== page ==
Although the association between peritonitis and septicemia is not completely elucidated, during acute phase the host recognizes microorganisms and LPS that bind to proteins that have CD4 on the surface of monocytes, macrophages and neutrophils. This phenomenon induces the production and release of mediators such as TNF and interleukins C1, C3 and C8, generating amplification of the response to LPS and activating various cells responsible for innate and adaptive immune response.At the same time, occurs releasing factors derived from phospholipids, coagulation factors, complement increased activity, increased vascular permeability and endothelial production of free radicals, including nitric oxide. It should be noted the resistance of peritoneal infection through the activation of complement factors C3 and C4 from mast cells, TNF and immunoglobulin M5,22.
In medical practice, taking the gastro-intestinal perforation as precipitating event of peritonitis, the number and types of microorganisms isolated from the peritoneal cavity depend on the site of perforation. As regard to colon perforation, initially a large number of different species from enteric normal flora entering the peritoneal cavity. B. fragilis is the most frequent anaerobic colonic microrganism, and E. coli is the most isolated facultative anaerobic18.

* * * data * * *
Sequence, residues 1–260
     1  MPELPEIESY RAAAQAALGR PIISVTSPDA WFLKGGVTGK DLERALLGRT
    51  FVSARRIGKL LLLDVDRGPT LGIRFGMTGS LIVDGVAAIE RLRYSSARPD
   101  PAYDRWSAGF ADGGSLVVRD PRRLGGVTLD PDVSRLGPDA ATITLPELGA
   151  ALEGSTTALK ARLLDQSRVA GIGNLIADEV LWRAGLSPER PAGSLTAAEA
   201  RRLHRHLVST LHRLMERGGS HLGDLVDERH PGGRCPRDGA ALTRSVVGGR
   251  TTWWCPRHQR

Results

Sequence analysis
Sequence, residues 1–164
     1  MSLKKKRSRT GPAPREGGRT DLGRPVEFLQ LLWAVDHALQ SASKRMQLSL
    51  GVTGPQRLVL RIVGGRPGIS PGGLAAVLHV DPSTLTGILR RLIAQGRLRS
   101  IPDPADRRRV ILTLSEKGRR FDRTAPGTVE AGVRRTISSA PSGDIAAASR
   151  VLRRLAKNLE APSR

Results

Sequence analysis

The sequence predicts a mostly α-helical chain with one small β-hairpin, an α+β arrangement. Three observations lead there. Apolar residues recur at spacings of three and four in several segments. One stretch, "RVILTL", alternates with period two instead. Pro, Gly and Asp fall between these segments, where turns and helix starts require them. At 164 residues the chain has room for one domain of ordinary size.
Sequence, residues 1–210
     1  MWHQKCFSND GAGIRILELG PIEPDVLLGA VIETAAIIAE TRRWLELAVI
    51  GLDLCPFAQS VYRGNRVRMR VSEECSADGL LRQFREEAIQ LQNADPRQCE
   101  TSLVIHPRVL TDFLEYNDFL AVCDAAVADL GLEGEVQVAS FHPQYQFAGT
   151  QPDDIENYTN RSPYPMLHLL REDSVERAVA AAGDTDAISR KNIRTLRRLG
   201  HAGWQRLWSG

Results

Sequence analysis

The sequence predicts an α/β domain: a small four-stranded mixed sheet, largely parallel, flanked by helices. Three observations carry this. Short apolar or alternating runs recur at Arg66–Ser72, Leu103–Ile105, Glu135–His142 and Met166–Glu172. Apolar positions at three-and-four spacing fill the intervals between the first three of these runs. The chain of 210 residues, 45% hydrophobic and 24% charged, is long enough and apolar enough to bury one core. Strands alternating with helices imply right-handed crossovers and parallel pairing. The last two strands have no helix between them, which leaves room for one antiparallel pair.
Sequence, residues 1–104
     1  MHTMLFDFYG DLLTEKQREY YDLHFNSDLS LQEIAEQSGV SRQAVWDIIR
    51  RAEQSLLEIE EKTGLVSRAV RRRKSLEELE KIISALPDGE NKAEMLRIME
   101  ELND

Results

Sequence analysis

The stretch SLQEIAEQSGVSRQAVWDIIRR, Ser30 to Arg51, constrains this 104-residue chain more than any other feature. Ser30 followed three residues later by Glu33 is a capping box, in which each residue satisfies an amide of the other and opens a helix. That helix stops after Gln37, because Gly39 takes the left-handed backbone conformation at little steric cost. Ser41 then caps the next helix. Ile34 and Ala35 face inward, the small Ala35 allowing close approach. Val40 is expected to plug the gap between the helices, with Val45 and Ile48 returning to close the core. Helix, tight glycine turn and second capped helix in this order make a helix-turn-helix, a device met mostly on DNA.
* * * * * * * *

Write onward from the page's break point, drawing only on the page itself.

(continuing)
In rodents, the sequence of events that occur following contamination of the peritoneum with fecal flora, E. coli was responsible for sepsis and mortality in acute peritonitis while B. fragilis, E. coli and other microorganisms; and Enterococcus sp polymicrobial infections were responsible for the late formation of abscessos11,13.
In this research it was detected typical colonic polymicrobial flora, with no discrepancy with findings in other studies in which there was a similar induction of fecal peritonitis in rats. In this sample the mature animals with and without PBCL not survived the acute phase of the disease and were euthanized within 72 hours, were positive in some culture (peritoneum, lung, and blood) to E. coli and other microbial agents. The animals of group ripe with and without PBCL who survived until the eighth day had a higher incidence of macroscopic changes, especially abscess formation and adhesions, and polymicrobial profile the results of various cultures11-14.
The relationship between acute peritonitis and E. coli, and polymicrobial infection and development of adhesions and abscesses in late stages is described in other studies, configuring important information to guide treatment in the early stages of the disease18,19.
The same types of pathogens are isolated in patients with immune deficiency and comorbidities, however, these individuals are most commonly associated with Enterococcus sp and Staplylococcus coagulase-negative. P. aeruginosa is also associated with nosocomial infection, but has been isolated in about 24% of patients with perforated appendicitis acquired comunidade. In experimental animal models of peritonitis caused by P. aeruginosa in rodents which has been developed aiming of understanding the pathophysiology and evaluate ways to intervene in this type of infection23,24.